Jeff Cooper's Commentaries

Previously Gunsite Gossip
Vol. 4, No. 15          December, 1996


Now the chilly season is upon us. We ran up to Montana to evaluate this and found it was indeed so. For three of our days up there in the Belt Mountains the daily high temperature did not rise to zero, Fahrenheit. According to our hosts, however, this is not cold weather for Montana - that sets in at 30 below and colder.

We can claim with some professional justification that we went hunting in order to test certain cartridges and their loadings. Five hits does not form much of a statistical base, but both the 350s and the 30-06 worked out just fine (to nobody's surprise). As expected, the "360 Special" was somewhat excessive for mule deer, but the Federal 30-06 "High Energy" load, using the Trophy Bonded Bear Claw 180 bullet, proved out more than just adequate for elk, going clear through on a raking shot Way Out Past Fort Mudge for a one-shot stop.

For the statistically inclined, one lot of Military Match 168-grain 30-06 clocked 2691f/s from a 24-inch barrel. Out of the same barrel the 180 Federal High Energy averaged 2909. Out of the 20-inch barrel of Lindy's pseudoscout the FHE 180 clocked 2850. It is not clear to me that a hopped-up 30-06 is going to prove more efficient in the field than the garden variety ammunition we have been using for several generations, but I am told that this improvement will show up well in the sales figures - and that's were it counts.

Note that the Billary gang back in the White House is now attempting to ban re-importation of US military firearms from Europe. And with their customary twisted reasoning these folks seem to feel that only high tech assault weapons are dangerous, implying that World War II material is obsolete. Perhaps they know, but will not admit, that the M1 Garand and the 1911 pistol still lead all the rest in combat efficiency. It may be adduced that if each household in this country was equipped with one of each we would have no need to worry about either the crime rate or "the jack-booted terrorists."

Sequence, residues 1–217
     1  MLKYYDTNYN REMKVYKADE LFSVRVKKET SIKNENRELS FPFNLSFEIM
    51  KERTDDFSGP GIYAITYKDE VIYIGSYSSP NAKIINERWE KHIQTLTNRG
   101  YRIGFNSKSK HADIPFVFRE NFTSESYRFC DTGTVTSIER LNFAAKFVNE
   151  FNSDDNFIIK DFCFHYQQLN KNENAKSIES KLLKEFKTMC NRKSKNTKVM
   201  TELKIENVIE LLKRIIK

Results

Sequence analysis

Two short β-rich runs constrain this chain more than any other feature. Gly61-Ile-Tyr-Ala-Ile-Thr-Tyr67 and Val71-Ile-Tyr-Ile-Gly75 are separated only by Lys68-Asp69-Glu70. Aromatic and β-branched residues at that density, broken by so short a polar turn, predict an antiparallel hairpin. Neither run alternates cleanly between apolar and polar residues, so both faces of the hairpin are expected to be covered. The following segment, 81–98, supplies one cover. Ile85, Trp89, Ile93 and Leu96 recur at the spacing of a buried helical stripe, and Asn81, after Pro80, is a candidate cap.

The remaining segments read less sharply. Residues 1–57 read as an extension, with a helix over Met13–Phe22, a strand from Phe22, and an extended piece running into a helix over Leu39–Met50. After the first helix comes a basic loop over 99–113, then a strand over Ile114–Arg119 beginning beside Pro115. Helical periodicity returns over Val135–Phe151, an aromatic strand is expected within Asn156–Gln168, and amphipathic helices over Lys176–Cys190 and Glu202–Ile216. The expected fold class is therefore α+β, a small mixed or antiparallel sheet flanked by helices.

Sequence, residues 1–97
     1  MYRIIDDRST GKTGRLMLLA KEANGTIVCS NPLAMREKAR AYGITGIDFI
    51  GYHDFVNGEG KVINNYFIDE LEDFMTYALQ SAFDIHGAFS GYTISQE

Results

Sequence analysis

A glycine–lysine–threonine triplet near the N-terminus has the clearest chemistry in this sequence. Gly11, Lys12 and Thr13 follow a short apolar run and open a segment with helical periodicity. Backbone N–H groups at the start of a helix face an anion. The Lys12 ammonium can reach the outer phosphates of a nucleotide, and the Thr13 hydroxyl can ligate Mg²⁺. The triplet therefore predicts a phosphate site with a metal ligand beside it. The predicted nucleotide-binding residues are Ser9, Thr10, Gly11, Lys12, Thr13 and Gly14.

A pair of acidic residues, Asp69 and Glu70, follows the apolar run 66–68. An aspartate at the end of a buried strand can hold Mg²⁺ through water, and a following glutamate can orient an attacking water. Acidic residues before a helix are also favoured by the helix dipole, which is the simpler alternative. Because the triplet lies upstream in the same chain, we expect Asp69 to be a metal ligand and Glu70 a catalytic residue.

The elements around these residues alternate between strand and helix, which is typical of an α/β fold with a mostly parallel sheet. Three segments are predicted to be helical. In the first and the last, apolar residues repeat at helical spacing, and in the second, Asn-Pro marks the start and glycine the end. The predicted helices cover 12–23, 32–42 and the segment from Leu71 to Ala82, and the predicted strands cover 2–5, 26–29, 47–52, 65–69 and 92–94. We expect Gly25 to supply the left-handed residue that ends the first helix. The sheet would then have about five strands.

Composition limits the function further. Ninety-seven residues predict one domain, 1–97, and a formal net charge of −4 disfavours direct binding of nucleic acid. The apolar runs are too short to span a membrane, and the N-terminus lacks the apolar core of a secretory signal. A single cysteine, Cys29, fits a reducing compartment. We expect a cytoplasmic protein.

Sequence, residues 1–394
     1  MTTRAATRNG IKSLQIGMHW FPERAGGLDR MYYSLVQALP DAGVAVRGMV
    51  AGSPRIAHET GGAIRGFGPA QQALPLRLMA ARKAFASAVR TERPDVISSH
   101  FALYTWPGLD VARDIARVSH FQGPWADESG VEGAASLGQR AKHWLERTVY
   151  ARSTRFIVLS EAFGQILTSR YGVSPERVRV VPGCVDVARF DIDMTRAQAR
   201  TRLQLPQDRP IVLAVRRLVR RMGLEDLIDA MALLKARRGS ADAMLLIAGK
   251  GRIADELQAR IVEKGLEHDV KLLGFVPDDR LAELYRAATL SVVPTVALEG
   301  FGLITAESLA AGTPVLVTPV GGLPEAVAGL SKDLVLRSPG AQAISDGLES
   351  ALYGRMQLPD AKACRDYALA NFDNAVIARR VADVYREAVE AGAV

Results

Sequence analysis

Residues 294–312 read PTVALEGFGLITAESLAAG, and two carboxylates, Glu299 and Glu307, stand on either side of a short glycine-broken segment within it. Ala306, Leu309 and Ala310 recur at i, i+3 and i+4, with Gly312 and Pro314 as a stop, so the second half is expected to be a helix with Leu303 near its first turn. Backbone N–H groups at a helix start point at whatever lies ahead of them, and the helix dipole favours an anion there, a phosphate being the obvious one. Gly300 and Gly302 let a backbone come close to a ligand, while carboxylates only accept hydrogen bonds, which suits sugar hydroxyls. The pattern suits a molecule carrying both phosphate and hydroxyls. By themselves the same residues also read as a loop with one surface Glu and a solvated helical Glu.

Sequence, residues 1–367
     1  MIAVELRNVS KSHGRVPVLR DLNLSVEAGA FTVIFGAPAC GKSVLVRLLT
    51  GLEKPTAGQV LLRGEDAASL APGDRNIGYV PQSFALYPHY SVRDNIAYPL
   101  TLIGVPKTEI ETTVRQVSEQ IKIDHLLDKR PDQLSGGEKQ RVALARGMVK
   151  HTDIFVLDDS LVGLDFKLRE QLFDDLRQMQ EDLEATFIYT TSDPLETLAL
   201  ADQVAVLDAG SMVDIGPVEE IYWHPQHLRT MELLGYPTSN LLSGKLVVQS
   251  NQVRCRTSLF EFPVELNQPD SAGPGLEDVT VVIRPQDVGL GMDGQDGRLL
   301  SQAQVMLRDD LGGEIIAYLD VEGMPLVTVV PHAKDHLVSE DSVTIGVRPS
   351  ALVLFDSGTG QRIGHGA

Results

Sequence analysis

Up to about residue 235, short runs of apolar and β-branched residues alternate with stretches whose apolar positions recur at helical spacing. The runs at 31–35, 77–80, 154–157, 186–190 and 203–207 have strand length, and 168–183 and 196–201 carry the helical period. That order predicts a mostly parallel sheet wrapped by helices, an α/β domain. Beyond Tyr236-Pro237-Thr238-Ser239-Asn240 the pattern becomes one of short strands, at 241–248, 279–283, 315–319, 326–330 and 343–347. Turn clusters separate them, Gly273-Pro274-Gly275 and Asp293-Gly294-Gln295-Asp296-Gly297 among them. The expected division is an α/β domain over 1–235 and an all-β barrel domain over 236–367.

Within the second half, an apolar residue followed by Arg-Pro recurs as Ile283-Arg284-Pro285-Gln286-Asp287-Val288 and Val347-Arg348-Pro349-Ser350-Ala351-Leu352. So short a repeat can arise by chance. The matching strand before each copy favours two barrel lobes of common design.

Now is the time to start making your hunting plans for 1997. A year without hunting is like a dinner without wine.

Have you seen the ads for that gold-plated Winchester 95 being introduced to honor Theodore Roosevelt - at $3,750 a throw? This would certainly make into a grand prize for our next Gunsite Reunion and Theodore Roosevelt Memorial next October, except that it is in the wrong caliber. TR's lion medicine was issued in caliber 405 Winchester, while this successor comes in 30-06. There is certainly nothing wrong with the 30-06, but it is nonetheless the wrong cartridge for this particular collector's item. (Just for that, we will not buy one.)

Did you all see "The Ghost and the Darkness," a sort of wacky cinematic treatment of the famed man-eaters of Tsavo? It bore only the most casual relation to the truth, but the photography was marvelous. Among other things, the movie caused a good many aficionados to go back and re-read the true story again.

"The brave and generous have the best lives. They are seldom sorry."

Havamal, "The Sayings of the Vikings" via Finn Aagaard